“We don’t stop playing because we grow old; we grow old because we stop playing.”
~ George Bernard Shaw
don’t stop 😉
I’ve got old journals – the ‘dear diary’ variety – dating back over decades. Of no interest to anyone but occasionally me, I see what me-in-the-past was up to on this day however-many years ago.
At art school I began to keep sketchbooks, filled it with thoughts and plans, doodles and scraps. Mainly visual references and test grounds for techniques and materials. And they’re as rich in memories to me as the purely wordy versions that preceded them.
Last year I experimented with Julia Cameron’s morning pages in an on-again/off-again fashion. Not every morning has the space to accommodate all those words, but a bigger block is that part of me resented the paper it required for long, one-way streams of consciousness that I shouldn’t want to revisit. And the thought of scrawling longhand every last niggle and fuss didn’t sit comfortably either. I get the ‘better out than in’ motive. But I didn’t want to hold volumes of this in my life thought; that seemed to be merely displacing it from my head to another place of permanence.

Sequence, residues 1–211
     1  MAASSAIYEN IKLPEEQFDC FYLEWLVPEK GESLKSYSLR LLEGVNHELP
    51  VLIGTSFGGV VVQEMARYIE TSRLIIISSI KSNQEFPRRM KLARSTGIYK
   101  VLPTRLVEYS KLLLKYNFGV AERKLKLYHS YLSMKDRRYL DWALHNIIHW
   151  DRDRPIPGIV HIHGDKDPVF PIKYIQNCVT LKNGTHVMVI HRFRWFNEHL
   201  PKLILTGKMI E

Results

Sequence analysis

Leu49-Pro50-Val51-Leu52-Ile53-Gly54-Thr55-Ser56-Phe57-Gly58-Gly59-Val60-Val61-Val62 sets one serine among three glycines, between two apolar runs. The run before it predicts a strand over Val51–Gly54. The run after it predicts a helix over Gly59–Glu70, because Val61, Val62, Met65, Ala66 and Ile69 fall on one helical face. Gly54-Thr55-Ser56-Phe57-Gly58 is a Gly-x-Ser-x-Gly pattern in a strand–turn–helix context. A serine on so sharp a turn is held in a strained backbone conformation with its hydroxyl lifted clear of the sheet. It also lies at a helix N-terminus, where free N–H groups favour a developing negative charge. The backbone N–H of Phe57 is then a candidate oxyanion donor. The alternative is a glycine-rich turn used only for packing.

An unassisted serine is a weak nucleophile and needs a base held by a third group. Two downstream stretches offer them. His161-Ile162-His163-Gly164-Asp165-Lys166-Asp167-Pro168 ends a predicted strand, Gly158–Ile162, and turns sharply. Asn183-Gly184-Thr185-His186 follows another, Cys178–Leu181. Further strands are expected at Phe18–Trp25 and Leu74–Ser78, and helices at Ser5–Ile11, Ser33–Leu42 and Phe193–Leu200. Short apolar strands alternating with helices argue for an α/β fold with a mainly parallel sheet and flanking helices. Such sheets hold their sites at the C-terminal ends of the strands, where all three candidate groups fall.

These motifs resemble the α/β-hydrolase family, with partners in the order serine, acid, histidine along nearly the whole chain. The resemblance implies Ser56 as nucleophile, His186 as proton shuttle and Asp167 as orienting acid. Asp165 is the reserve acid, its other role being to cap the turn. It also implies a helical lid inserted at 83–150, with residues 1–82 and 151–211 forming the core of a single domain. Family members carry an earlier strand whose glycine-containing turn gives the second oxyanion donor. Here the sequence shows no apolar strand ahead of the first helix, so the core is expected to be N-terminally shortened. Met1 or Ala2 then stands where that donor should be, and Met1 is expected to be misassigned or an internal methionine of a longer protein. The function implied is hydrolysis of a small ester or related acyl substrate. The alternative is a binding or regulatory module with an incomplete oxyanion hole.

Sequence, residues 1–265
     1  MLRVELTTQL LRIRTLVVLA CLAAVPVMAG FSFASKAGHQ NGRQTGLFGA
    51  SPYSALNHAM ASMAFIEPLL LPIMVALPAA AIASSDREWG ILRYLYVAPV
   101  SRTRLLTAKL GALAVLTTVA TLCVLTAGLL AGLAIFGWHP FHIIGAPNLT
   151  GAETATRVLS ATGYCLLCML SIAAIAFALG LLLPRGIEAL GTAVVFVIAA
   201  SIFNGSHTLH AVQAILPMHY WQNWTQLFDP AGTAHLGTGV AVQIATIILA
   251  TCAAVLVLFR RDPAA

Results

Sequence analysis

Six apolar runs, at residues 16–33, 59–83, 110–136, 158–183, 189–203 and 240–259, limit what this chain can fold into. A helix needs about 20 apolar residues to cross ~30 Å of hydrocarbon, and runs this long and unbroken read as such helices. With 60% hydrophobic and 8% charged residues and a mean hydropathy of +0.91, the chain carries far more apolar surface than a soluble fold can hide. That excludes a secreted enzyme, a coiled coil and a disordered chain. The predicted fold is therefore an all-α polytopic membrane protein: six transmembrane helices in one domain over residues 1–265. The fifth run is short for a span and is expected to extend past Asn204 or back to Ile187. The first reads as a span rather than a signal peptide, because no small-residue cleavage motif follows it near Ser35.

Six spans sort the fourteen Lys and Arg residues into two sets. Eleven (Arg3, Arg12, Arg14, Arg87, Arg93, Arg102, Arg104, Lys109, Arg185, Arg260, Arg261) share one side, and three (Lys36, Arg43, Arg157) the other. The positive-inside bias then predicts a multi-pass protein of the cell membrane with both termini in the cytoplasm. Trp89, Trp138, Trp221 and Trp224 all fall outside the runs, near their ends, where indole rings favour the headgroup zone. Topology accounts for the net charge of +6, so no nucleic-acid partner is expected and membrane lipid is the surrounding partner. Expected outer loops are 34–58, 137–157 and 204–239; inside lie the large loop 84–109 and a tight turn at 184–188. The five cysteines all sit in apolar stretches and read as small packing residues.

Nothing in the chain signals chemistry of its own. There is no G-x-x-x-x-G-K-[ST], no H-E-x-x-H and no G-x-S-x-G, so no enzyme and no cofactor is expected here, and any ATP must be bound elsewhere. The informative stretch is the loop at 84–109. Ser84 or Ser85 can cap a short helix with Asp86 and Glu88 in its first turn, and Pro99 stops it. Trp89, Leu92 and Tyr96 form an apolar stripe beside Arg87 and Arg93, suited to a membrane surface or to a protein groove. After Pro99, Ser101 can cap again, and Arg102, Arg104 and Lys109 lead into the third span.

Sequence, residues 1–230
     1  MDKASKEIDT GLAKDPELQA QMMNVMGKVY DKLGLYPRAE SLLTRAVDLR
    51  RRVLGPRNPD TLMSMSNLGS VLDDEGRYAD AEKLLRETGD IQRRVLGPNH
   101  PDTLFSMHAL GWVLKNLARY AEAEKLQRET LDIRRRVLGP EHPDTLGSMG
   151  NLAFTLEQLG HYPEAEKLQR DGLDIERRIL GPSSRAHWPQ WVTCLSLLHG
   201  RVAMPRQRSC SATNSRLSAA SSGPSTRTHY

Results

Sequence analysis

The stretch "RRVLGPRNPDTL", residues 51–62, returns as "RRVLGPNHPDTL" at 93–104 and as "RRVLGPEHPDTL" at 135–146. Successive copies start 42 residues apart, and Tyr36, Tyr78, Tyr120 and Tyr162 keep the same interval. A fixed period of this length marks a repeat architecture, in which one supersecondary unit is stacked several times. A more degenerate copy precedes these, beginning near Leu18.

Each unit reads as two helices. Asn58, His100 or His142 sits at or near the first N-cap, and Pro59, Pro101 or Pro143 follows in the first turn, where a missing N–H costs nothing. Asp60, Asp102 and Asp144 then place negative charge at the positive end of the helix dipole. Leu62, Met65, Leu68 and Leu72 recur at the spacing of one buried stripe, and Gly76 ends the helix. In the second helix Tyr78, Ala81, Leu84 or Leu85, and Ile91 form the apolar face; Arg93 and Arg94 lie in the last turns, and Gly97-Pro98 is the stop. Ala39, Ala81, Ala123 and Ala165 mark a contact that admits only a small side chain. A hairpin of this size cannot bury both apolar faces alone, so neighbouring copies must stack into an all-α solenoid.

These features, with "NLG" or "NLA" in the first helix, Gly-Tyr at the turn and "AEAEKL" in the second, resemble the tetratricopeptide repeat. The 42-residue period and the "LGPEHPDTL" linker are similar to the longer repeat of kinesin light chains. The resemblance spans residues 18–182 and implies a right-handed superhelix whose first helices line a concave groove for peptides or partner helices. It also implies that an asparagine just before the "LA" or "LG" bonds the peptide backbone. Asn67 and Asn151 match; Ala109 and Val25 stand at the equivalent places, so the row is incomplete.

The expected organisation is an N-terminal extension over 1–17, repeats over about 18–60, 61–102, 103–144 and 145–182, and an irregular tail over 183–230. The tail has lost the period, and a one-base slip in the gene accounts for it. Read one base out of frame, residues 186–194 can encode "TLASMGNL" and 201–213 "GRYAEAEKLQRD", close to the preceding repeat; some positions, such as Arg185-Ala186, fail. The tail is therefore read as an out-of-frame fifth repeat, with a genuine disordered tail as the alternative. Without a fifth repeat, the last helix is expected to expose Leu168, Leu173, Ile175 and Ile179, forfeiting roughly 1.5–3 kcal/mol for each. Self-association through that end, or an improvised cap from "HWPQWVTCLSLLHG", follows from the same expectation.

Three things about things I do in books.
Without much connection beyond my voracious consumption of stationery.
Until I read this blog post by Deanna Jinjoe where she speaks of the power of transformation in burying words, thoughts, sentiments into the soul of our art we can transform them into a new beauty.
So the art journal I’m working through now is starting to embody this essence. With traces of the therapeutic brain dumps that keep my mind clear, intertwined with the doodles and splatterings of colour that keep my spirit buoyant.